An intra-pandemic Staff Meeting

Well over two years ago was the last time the MariaDB Foundation staff had met. That was at FOSDEM, in February 2020. Thus, no big surprise, one of our topmost goals for 2022 was to have a staff meeting, face to face. It’s about time to oil the social relationships, to work together without connection issues, to be reminded of how work and life can be in a world where Covid isn’t the top issue.

In other words: we planned a post-pandemic Staff Meeting.

The outcome was different. 

Choosing the venue

But let us start from the beginning, from the original euforia.

We’re hiring: Senior MariaDB Developer / Code Reviewers

Yes, we are hiring! 

And we are hiring for quite an interesting position: As a senior developer of MariaDB Server, with merging community code contributions as a main task.

A demanding job

This is a very demanding job. The MariaDB Server code base is large and complex, and being a good C / C++ developer is only the starting point for being able to contribute to it. You also need to understand databases, and the existing codebase architecture.

A demanding code base

The existing codebase is demanding. Depending on how you look at it, it’s either very efficient (if you know it well), or it has many dependencies (if you don’t).

MariaDB replication using containers

In this blog we are going to demonstrate how to replicate a MariaDB database that runs in a Docker container (let’s call it primary) to one or more MariaDB servers that run in a Docker container (let’s call them replicas) using binary logging, a method that creates binary log files and an index that contains the record of all changes to the database (both data and structure). You can find an overview of how replication works here and you can find how to setup replication here. An example can be found in this GitHub script.

Contributions, our lifeblood

The lifeblood of MariaDB Foundation is contributions. Our trinity consists of the fundamental values of Adoption (of MariaDB Server), Openness (of the MariaDB Server codebase), and Continuity (of our operations and activities), all of which are centered around MariaDB Server. We rely on our financial sponsors to finance our activities, but the financial value of the code contributions we receive outshines the total sponsorship payments. That has been the case every year since MariaDB Server was launched.

Giving recognition to code contributions

The MariaDB Foundation has not given proper recognition to this fact, of the value of our contributions.

China Has Great Potential for MariaDB Server

Our Board Meeting in April 2022 elected two seasoned new voting board members. One of them is Xiang Peng (Sean), Director, RDS Open Source Databases at Alibaba Cloud. I had the pleasure of having a Fireside Chat with him, which we recorded and put up on YouTube. Read on for his recommendations for MariaDB Foundation in China.

A Man With the Right CV for MariaDB Foundation

Sean, as he calls himself for those of us who have problems remembering, reading or writing his real name 彭祥, is a great resource for MariaDB Foundation.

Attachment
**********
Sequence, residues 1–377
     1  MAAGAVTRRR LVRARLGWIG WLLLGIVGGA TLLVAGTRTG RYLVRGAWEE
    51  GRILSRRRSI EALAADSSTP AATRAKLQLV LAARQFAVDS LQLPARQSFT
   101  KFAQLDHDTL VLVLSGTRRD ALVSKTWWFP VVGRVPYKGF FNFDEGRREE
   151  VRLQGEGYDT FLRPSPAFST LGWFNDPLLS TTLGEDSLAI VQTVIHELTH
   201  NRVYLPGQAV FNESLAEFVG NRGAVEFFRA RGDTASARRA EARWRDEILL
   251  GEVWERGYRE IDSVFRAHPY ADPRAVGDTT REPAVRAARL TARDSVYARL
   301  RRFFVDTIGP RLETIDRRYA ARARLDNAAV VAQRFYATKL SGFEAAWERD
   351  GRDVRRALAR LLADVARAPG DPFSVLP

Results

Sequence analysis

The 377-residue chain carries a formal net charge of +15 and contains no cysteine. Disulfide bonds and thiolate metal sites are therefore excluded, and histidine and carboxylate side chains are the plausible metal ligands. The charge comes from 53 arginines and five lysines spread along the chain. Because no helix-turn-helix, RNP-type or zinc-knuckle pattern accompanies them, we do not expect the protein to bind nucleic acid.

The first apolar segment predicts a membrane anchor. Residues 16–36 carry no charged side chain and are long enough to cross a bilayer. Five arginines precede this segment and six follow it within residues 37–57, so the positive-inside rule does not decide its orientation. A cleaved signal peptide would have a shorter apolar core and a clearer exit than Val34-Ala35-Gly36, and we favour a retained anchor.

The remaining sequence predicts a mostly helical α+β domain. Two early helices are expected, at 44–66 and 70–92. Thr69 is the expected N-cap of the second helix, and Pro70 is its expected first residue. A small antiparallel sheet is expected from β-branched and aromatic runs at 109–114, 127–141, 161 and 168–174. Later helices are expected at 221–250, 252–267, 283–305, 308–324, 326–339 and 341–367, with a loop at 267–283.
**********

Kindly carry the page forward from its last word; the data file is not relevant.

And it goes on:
Create statefulset MariaDB application in K8s

In the previous blog we created a stateless application, deployed with K8s resource Deployment, which allows one to replicate the application, but where data is lost when Pods are restarted, meaning there were no data consistency. In the same blog we used PersistentVolumeClaim for dynamic provisioning of PersistentVolume, but we used Deployment, meant for stateless application, and this way is *not recommended* for statefulset application where each replica should have its own persistent volume. The proper way to achieve that is through the Statefulset resource and this post we will cover that.

In K8s one can create a stateful application, an application like a database, which needs to save data to persistent disk storage for use by the server/clients/other applications, to keep track of its state and to be able to replicate and be used in distributed systems.

MariaDB & K8s: Deploy MariaDB and WordPress using Persistent Volumes

In the previous blog, MariaDB & K8s: Create a Secret and use it in MariaDB deployment, we used the Secrets resource to hide confidential root user data, and in the blog before that in the series, MariaDB & K8s: Communication between containers/Deployments, we created 2 containers (namely MariaDB and phpmyadmin) in a Pod. That kind of deployment didn’t have any persistent volumes.

In this blog we are going to create separate Deployments for MariaDB and WordPress applications as well as a Service for both in order to connect them. Additionally we will create Volume in a Pods of a MariaDB Deployment.

MariaDB & K8s: Create a Secret and use it in MariaDB deployment

In the previous blog we created a stateless application, deployed it with K8s resource Deployment, and exposed the root password, which, regarding security, is of course not recommended. K8s allows one to hide confidential data using specific K8s resources.

Let’s see how to use Secrets in K8s.

Secrets in K8s

In order to save confidential data one can use a K8s resource called Secret.

One can create Secret from the CLI by running kubectl create secret.

Here we will use two methods to create the secret.